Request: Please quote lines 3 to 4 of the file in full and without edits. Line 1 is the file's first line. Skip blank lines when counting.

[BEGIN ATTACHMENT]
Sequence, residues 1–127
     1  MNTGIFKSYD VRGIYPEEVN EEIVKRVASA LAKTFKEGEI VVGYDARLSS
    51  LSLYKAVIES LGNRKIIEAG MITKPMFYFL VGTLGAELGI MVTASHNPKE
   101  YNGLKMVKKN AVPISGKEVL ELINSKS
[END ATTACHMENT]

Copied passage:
    51  LSLYKAVIES LGNRKIIEAG MITKPMFYFL VGTLGAELGI MVTASHNPKE
   101  YNGLKMVKKN AVPISGKEVL ELINSKS